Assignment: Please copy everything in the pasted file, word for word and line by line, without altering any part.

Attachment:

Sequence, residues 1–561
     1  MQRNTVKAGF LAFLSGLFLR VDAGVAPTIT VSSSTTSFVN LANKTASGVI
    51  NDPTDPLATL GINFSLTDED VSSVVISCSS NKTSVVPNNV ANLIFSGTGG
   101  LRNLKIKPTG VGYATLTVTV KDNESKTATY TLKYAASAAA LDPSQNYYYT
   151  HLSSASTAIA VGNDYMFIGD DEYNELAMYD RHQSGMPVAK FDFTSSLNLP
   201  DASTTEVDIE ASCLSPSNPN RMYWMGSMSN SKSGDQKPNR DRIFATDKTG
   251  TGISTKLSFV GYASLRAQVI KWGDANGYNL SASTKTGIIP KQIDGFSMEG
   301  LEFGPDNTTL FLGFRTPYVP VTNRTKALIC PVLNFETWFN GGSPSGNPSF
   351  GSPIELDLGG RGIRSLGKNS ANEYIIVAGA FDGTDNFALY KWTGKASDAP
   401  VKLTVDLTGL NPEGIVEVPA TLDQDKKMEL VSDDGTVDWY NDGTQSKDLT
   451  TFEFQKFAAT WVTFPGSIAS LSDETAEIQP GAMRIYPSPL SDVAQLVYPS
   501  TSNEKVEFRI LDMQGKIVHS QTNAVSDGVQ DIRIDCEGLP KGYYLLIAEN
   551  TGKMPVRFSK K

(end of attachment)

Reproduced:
Sequence, residues 1–561
     1  MQRNTVKAGF LAFLSGLFLR VDAGVAPTIT VSSSTTSFVN LANKTASGVI
    51  NDPTDPLATL GINFSLTDED VSSVVISCSS NKTSVVPNNV ANLIFSGTGG
   101  LRNLKIKPTG VGYATLTVTV KDNESKTATY TLKYAASAAA LDPSQNYYYT
   151  HLSSASTAIA VGNDYMFIGD DEYNELAMYD RHQSGMPVAK FDFTSSLNLP
   201  DASTTEVDIE ASCLSPSNPN RMYWMGSMSN SKSGDQKPNR DRIFATDKTG
   251  TGISTKLSFV GYASLRAQVI KWGDANGYNL SASTKTGIIP KQIDGFSMEG
   301  LEFGPDNTTL FLGFRTPYVP VTNRTKALIC PVLNFETWFN GGSPSGNPSF
   351  GSPIELDLGG RGIRSLGKNS ANEYIIVAGA FDGTDNFALY KWTGKASDAP
   401  VKLTVDLTGL NPEGIVEVPA TLDQDKKMEL VSDDGTVDWY NDGTQSKDLT
   451  TFEFQKFAAT WVTFPGSIAS LSDETAEIQP GAMRIYPSPL SDVAQLVYPS
   501  TSNEKVEFRI LDMQGKIVHS QTNAVSDGVQ DIRIDCEGLP KGYYLLIAEN
   551  TGKMPVRFSK K